Indexed on: 17 Sep '16Published on: 17 Sep '16Published in: Journal of homosexuality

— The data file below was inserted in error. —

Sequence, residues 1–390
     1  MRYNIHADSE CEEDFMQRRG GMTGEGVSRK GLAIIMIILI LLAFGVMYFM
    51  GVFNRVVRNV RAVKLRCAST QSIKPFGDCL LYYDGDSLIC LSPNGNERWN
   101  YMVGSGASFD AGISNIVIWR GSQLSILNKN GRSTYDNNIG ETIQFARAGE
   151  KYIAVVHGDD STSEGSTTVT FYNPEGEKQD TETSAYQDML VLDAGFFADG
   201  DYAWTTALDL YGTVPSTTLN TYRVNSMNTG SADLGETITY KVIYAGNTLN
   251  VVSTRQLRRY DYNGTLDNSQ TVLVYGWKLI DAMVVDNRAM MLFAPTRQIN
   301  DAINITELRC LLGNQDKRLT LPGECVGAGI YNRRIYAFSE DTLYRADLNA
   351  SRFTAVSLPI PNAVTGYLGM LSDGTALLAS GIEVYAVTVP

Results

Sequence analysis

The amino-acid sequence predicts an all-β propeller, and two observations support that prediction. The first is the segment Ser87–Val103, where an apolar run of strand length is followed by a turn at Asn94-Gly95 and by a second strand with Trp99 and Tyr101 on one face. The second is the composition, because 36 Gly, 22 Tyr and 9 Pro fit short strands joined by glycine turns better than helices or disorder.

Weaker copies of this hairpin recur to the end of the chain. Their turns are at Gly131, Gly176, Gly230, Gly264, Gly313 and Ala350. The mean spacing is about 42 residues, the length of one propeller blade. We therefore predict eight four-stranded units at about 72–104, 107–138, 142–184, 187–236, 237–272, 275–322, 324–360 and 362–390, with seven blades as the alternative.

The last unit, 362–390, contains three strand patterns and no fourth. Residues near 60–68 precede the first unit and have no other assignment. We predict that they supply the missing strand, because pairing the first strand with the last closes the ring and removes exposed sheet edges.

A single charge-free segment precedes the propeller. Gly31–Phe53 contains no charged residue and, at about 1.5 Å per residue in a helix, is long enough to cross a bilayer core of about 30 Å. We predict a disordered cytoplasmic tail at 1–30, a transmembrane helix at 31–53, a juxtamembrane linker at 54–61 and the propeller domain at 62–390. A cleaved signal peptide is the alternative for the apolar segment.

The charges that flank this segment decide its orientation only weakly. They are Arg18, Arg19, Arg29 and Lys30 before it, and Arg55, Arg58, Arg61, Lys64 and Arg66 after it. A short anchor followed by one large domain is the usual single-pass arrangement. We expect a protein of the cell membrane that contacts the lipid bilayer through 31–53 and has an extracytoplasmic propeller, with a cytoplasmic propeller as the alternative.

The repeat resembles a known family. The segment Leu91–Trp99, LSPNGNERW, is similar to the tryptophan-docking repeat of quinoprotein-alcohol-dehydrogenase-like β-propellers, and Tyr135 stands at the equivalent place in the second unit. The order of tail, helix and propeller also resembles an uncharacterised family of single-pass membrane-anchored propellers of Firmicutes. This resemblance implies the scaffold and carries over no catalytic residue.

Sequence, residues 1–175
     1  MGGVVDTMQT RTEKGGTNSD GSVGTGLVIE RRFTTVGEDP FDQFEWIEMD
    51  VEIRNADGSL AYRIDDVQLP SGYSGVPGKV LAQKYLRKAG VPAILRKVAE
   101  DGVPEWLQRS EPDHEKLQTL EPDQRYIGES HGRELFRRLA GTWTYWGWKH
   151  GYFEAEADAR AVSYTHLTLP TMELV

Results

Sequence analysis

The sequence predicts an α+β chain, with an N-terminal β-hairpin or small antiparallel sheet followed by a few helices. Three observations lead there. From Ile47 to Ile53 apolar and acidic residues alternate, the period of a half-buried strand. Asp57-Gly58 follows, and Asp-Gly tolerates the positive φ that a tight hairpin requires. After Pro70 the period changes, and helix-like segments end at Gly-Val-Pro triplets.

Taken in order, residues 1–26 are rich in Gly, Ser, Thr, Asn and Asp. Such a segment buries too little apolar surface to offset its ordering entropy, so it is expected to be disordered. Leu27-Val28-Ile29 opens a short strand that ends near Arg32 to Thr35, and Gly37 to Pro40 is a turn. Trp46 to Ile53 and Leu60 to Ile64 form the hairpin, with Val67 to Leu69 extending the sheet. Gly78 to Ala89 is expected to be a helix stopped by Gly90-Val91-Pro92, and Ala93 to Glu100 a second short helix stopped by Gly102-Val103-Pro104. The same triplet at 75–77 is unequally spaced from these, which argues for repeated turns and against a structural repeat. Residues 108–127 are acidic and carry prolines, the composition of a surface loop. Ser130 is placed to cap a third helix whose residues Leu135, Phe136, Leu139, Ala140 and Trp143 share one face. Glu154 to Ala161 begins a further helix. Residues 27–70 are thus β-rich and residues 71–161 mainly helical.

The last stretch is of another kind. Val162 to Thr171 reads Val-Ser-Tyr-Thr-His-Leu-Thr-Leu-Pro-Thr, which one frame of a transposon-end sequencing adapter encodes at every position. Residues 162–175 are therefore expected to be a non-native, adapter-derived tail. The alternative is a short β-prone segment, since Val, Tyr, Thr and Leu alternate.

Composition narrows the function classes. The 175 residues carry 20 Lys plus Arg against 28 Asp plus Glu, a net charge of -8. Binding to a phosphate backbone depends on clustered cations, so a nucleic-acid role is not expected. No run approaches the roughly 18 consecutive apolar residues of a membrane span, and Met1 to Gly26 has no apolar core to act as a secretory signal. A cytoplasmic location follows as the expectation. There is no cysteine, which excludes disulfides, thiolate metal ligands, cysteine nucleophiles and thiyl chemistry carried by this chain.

We investigated 109 (79.8% female; 76% White, and 83.5% Heterosexual) mental health trainees' explicit and implicit attitudes towards heterosexual, lesbian, and gay White couples adopting and raising Black children. To determine explicit attitudes, we used a vignette depicting a Black child ready for adoption and three types of equally qualified White families who were headed by a heterosexual couple, gay couple or lesbian couple. The trainees were asked to indicate which type of family that they preferred to adopt the child. To determine implicit attitudes, we used the computer programed latency-based multi-factor implicit association test (IAT) protocol. The IAT data were collected from each participant individually. Explicit data showed that over 80% of the participants indicated no strong preference in terms of which type of family should adopted the child. However, IAT data showed that the trainees implicitly preferred lesbian couples. Overall, the degree of congruence between explicit and implicit was very low. Implications for training were discussed.